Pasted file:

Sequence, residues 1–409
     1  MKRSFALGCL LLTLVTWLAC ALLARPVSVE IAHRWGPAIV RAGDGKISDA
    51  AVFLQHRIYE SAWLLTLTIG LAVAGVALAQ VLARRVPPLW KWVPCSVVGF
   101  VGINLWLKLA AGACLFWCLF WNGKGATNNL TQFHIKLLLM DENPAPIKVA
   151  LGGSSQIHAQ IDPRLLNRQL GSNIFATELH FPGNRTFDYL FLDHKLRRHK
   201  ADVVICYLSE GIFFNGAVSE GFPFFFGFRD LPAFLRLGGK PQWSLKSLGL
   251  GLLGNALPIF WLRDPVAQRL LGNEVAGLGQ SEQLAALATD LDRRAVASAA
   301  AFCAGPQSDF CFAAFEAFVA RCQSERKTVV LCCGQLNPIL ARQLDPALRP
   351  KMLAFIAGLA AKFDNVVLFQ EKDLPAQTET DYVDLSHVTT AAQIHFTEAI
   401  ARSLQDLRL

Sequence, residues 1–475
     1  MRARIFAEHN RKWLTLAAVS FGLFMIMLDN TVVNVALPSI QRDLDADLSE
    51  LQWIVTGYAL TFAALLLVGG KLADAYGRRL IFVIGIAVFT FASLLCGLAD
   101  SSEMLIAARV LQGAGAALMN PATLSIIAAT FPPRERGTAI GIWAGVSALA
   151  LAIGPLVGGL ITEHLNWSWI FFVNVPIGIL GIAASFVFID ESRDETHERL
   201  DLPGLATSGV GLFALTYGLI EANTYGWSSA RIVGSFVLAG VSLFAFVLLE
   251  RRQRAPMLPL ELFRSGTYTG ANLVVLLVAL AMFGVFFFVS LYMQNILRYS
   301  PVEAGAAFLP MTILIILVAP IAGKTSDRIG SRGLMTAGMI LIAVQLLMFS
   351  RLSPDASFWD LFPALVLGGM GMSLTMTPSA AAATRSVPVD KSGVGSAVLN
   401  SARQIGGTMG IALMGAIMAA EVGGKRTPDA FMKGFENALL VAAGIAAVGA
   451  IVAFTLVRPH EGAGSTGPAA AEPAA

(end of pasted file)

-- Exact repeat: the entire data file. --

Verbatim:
Sequence, residues 1–409
     1  MKRSFALGCL LLTLVTWLAC ALLARPVSVE IAHRWGPAIV RAGDGKISDA
    51  AVFLQHRIYE SAWLLTLTIG LAVAGVALAQ VLARRVPPLW KWVPCSVVGF
   101  VGINLWLKLA AGACLFWCLF WNGKGATNNL TQFHIKLLLM DENPAPIKVA
   151  LGGSSQIHAQ IDPRLLNRQL GSNIFATELH FPGNRTFDYL FLDHKLRRHK
   201  ADVVICYLSE GIFFNGAVSE GFPFFFGFRD LPAFLRLGGK PQWSLKSLGL
   251  GLLGNALPIF WLRDPVAQRL LGNEVAGLGQ SEQLAALATD LDRRAVASAA
   301  AFCAGPQSDF CFAAFEAFVA RCQSERKTVV LCCGQLNPIL ARQLDPALRP
   351  KMLAFIAGLA AKFDNVVLFQ EKDLPAQTET DYVDLSHVTT AAQIHFTEAI
   401  ARSLQDLRL

Sequence, residues 1–475
     1  MRARIFAEHN RKWLTLAAVS FGLFMIMLDN TVVNVALPSI QRDLDADLSE
    51  LQWIVTGYAL TFAALLLVGG KLADAYGRRL IFVIGIAVFT FASLLCGLAD
   101  SSEMLIAARV LQGAGAALMN PATLSIIAAT FPPRERGTAI GIWAGVSALA
   151  LAIGPLVGGL ITEHLNWSWI FFVNVPIGIL GIAASFVFID ESRDETHERL
   201  DLPGLATSGV GLFALTYGLI EANTYGWSSA RIVGSFVLAG VSLFAFVLLE
   251  RRQRAPMLPL ELFRSGTYTG ANLVVLLVAL AMFGVFFFVS LYMQNILRYS
   301  PVEAGAAFLP MTILIILVAP IAGKTSDRIG SRGLMTAGMI LIAVQLLMFS
   351  RLSPDASFWD LFPALVLGGM GMSLTMTPSA AAATRSVPVD KSGVGSAVLN
   401  SARQIGGTMG IALMGAIMAA EVGGKRTPDA FMKGFENALL VAAGIAAVGA
   451  IVAFTLVRPH EGAGSTGPAA AEPAA